- Regarding Yolohtzin's question:
>Does anyone know which foot of Tezcatlipoca's was replaced with aTezcatlipoca is usually represented with a SERPENT foot. I
can't recall if such a serpent foot was either the right or the
left or if there was any preference for one over the other, for
that matter. As far as I know, however, none of Tezcatlipoca's
feet was ever replaced by a smoking mirror. It is the name of
this deity itself that actually means "smoking mirror", but I
cannot recall whether that was shown graphically in
representations of it.
If a Maya reference is of any use, however, the Maya deity
K'awiil could be thought of as a possible early origin of the
later Tezcatlipoca. K'awiil is often depicted with a serpent foot
(sometimes in the most dramatic fashion, as in many a Codex-style
vessel where the dominant character in a scene is often the
enormous serpent foot which opens its jaws to vomit a variety of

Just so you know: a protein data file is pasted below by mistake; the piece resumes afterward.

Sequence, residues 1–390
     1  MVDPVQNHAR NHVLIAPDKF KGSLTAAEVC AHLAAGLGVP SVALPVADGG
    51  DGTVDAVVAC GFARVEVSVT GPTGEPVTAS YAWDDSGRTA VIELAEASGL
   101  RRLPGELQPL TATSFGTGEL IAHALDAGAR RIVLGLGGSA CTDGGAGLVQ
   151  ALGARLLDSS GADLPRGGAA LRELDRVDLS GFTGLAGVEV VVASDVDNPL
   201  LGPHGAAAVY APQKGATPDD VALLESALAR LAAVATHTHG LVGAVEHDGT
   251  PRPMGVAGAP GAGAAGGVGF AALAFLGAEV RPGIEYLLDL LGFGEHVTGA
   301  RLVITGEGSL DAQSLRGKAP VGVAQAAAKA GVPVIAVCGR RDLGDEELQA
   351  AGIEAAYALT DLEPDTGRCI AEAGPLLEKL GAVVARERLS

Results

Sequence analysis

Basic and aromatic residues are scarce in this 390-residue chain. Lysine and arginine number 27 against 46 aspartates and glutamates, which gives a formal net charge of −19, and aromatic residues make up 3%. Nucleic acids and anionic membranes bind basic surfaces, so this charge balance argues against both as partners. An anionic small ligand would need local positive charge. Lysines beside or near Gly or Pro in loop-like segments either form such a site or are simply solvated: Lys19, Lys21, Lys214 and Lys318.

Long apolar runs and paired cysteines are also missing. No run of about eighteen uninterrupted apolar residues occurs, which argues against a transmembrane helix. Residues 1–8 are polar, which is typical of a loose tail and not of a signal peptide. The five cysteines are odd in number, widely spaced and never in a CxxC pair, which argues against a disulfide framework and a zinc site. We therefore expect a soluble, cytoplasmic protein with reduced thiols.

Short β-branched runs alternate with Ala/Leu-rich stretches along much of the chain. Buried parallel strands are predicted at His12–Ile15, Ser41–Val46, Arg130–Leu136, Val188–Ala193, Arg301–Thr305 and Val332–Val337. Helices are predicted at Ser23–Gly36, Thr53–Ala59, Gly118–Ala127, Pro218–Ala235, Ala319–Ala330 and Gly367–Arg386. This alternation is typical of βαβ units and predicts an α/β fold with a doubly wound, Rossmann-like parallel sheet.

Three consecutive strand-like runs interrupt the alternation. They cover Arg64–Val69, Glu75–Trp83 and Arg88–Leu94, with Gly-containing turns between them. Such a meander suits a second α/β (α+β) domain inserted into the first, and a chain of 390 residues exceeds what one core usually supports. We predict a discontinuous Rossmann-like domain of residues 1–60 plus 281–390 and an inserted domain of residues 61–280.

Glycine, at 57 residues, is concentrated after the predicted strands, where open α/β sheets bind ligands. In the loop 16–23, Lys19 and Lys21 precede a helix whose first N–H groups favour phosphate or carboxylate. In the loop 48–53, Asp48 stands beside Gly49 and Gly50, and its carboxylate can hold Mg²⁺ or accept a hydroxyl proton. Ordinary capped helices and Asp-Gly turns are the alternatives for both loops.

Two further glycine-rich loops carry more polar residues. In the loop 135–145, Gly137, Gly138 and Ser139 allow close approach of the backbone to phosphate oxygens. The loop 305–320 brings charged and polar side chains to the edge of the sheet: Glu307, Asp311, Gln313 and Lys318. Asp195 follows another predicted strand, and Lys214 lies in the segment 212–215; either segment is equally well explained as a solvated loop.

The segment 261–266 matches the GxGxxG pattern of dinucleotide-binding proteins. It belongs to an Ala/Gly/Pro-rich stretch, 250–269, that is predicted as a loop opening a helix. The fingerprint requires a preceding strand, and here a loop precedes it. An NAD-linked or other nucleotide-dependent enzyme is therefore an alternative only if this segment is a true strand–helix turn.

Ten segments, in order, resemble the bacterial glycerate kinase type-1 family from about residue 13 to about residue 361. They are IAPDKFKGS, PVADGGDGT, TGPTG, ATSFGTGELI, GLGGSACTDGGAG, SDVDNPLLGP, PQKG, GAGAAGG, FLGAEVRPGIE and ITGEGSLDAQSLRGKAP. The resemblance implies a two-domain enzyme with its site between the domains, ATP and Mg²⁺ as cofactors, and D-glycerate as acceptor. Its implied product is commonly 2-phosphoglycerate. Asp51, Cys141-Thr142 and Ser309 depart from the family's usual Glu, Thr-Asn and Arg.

deities or coils inside and out whole buildings). One of its most
ubiquitous representations is the so-called Mannequin Scepter,
which is nothing but a K'awiil effigy that is wielded as a symbol
of royal power. To the Maya, nevertheless, it seems there was no
preference as to which leg turns into a serpent (on Yaxchilan
Lintels 1, 3 and 42, for example, K'awiil's serpent foot is the
right, while on Stela 11 and Lintel 32, the serpent is shown as
emerging from the left leg). As to the smoking mirror, K'awiil is
always shown with a mirror on his forehead, from which either a
smoke scroll, an axe or a smoking torch emerges.
Jorge P=E9rez de Lara
- To All,
It looks like the left foot. Since I don't know if I can attach
files to Aztlan, I have posted a drawing fron the Codex
Fejervary-Meyer at www.mayavase.com/tez.html. The drawing is
lifted from The Gods and Symbols of Ancient Mexico and the Maya
by Mary Miller and Karl Taube.
>To All,It is the left foot but it is not a "mirror."
>It looks like the left foot. Since I don't know if I can attach
>files to Aztlan, I have posted a drawing fron the Codex
>Fejervary-Meyer at www.mayavase.com/tez.html. The drawing is
>lifted from The Gods and Symbols of Ancient Mexico and the Maya
>by Mary Miller and Karl Taube.
In the Nuttall page 9... Tlaloc/Tezcatlipoca with the "mirror"
leg, is emerging from a cog rimmed sky wheel with nineteen units
of 20 degrees or the circumference of a circle 360 degrees.
The jaguar headdress indicates that he is a sky person, his